Batman: Arkham Origins Blackgate Review

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Batman: Arkham Origins Blackgate is the tie-in/follow-up to the recently released console game Batman: Arkham Origins. Developed by Armature Studio, its available for Nintendo 3DS and PS Vita, and it attempts to bring the trademark Arkham gameplay to handheld devices. Unfortunately, the experiment is not a very successful one.

The game mostly takes place three months after the events of Arkham Origins. A riot breaks out at Blackgate prison, which is currently housing all of the previous games' major villainous players: Black Mask, the Joker, and the Penguin. But rather than escaping, the three crime bosses have each laid claim to a section of the prison as their territory and are hatching plans to strike out at their rivals. Batman arrives on the scene ready to enter the prison and put an end to the chaos.

The game's story is told primarily through cut scenes that have the look of a motion comic. They're not unpleasant to look at, with a nice, dark purple color scheme setting the mood, but the animation is nothing to cheer about. The returning voice actors from Arkham Origins sound decent enough, with Troy Baker's Joker, once again, being the standout, but they all sound a bit bored, and Grey DeLisle's Catwoman is generic, a bit grating, and pretty forgettable – though that's probably at least as much the fault of the dialog, which is dull and content to let vaguely sexual puns be its most interesting aspect.

All in all, the story is thin. As a tie-in game rather than a main series installment, the game is specifically designed to be unnecessary and it succeeds. At best, its a long tease for whatever the series has planned for the Suicide Squad, as Amanda Waller makes her presence felt in this game and we get to see a couple more recruitments made to her team.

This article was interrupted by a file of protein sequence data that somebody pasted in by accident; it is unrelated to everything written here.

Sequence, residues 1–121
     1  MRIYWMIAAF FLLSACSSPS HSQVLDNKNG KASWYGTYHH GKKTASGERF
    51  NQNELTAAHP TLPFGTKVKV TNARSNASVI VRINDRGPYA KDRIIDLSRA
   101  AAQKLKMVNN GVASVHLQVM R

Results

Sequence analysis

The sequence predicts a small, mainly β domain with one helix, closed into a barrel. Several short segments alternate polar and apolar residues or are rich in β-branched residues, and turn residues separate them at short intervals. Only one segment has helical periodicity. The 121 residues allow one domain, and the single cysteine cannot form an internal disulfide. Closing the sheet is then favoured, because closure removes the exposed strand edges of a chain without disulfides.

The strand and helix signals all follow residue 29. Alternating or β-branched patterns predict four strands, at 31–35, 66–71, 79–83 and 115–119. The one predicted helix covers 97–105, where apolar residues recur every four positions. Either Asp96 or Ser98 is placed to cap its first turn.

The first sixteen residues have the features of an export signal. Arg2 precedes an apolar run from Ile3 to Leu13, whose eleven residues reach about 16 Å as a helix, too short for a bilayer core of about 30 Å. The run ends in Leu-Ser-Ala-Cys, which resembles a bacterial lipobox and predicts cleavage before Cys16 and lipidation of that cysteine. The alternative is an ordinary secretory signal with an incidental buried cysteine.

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The gameplay is made from the Metroidvania mold. Blackgate prison becomes its own isolated world for Batman to explore. The game employs the 2.5-D graphical style of 3-D models moving on 2-D planes, occasionally spinning the world around to create the illusion of 3-D movement.

Armature also tries to graft some of the most recognizable aspects of the Arkham console games onto Blackgate, including the Arkham series combat and detective mode feature. Neither translate very well.

In Arkham Origins, there's a leveling system with experience points granted to players based on how well they do in combat and stealth encounters: the better you perform, the quicker you'll be able to maximize Batman's abilities and gadgets. In Blackgate, there's no such character progression. Gear and upgrades are only given out as the story requires, so there's little incentive to try to master Blackgate's combat, easier instead to just button mash your way through each group of enemies. The 2-D arenas further take away from the combat, since having enemies coming at you from two directions can't emulate the intensity of the console game, where enemies come at you at you from all angles.